The idea is simple — the dog does something good and you press the clicker and follow it up with a real reward. If you continue this for some time, the dog will begin to understand that click sound means something good — I’ve been a good boy/girl!
To introduce the clicker to your dog, first, offer a treat right after the click. It doesn’t matter if he/she has done something good. Continue this for some time and he/she will understand that click has something to do with the reward.
However, just like the previous one, this method doesn’t have any solutions to curb out the bad behaviors.
Relationship-Based Training (Positive)
This method focuses on building a strong relationship between the owner and the dog first. Also, the owner (or trainer) has to understand the body language and common behaviors of the dog.
For example, how the dog sits when it feels distressed, what are the signs that tell that the dog is hungry. The owner has to pin-point all of the small physical and behavioral traits of the dog.
Now, when the dog does something unexpected or undesired, the owner can identify the true cause behind such behavior.
Do you see the difference?
Rather than using punishments, you find the root cause of such behavior.
It’s true that relationship-based training will take a lot of time and patience. But no other training method can meet the depth of the bond and create a meaningful relationship.
Alpha Dog Method (Negative)
Wild dogs have a pack mentality and follow the leadership of the alpha dog. They need to show respect and obedience to the alpha as they rely on the alpha for protection and guidance.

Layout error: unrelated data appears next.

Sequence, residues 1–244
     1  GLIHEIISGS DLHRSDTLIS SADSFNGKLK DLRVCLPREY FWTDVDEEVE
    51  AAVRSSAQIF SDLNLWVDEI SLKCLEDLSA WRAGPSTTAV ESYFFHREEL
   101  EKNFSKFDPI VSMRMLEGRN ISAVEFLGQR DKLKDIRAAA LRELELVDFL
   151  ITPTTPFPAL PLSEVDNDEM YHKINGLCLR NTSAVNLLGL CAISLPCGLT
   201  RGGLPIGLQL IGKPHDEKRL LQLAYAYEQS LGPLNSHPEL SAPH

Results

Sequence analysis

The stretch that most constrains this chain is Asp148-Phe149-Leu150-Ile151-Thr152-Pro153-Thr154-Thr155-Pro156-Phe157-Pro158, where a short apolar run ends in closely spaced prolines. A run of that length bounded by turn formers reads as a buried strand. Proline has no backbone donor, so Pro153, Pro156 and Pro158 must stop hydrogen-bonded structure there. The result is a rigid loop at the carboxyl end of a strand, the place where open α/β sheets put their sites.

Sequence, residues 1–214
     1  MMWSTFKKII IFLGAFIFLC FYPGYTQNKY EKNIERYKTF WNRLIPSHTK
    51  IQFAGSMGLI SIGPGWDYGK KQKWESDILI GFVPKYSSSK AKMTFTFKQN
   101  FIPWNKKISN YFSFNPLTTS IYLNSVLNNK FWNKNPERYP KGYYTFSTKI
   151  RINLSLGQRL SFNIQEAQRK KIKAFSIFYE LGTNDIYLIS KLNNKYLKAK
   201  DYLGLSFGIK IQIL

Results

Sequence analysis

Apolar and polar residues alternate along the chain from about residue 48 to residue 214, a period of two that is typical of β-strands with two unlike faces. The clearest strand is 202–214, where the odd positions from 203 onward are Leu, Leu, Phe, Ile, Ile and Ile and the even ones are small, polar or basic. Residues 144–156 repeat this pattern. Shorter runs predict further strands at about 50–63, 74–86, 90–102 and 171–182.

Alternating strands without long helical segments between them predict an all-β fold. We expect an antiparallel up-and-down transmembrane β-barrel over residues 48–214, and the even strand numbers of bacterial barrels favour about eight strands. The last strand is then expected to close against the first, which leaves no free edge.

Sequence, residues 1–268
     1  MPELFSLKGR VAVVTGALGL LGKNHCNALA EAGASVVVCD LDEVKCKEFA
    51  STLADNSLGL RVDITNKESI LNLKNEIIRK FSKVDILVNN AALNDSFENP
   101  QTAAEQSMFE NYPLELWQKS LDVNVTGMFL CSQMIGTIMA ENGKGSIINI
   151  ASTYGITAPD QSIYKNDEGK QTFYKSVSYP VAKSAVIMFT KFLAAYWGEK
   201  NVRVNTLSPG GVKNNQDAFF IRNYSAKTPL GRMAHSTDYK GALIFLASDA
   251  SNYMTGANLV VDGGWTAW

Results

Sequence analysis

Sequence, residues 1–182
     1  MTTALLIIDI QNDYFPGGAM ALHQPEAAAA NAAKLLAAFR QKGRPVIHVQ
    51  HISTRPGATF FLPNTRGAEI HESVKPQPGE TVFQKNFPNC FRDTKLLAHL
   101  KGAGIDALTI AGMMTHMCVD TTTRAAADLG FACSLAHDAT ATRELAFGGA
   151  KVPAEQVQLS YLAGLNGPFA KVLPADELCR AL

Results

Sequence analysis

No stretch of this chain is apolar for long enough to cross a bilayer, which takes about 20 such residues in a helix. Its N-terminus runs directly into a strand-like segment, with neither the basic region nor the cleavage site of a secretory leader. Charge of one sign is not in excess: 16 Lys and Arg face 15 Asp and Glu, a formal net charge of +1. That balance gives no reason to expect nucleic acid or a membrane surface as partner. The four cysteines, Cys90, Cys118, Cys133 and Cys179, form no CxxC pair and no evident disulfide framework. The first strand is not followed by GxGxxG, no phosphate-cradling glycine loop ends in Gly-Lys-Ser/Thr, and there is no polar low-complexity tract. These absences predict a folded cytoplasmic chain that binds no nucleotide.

Submission and dominance are the two pillars of Alpha Dog method.
In this case, the owner is the alpha and the dog has to submit to the command of the owner. But the dog will challenge your authority from time to time. Then, you’d resort to punishment and show that you’re the alpha.
For example, if the dog barks, you scream at a louder noise.
However, Alpha Dog method can cause heavy toll on the mental health of the dog.
Electronic (Shock Collar) Training (Negative)
Think of this method to be the mirror opposite of the clicker method. Rather than promoting good behavior with clicking sounds, you induce minor electric shocks through a specially made collar to stop unwanted behavior.
Your dog is trying to roam beyond an unfenced boundary, shock him/her!
The gist is whenever the dog is trying to do something unwanted, you shock him/her. It will prevent them from partaking in negative behaviors.
However, I strongly forbid you from using this method — it’s immoral and can cause permanent mental trauma.
Science-Based Training (Blended)
As the name suggests, this method heavily relies on the scientific data on the dog behavior and psychology. Also, you need to study the information on the breed type and evidence-based researches.
Then, you’d create a behavioral profile of your dog and use the operant conditioning strategy. This means you’d praise the good behaviors with rewards and discourage unwanted behaviors with a healthy form of punishment.
You’ll use the research data to set the allowed do’s and unallowed don’ts.
Now that you’ve gone through some of the most popular training styles, you should select a training method for your pup. Most modern trainers combine two or more training styles together and develop a custom style.
You can follow that strategy too.
Just remember — you don’t need to be harsh to train your dogs. Also, every dog is different and you should set your training style according to YOUR DOG’s behavior profile.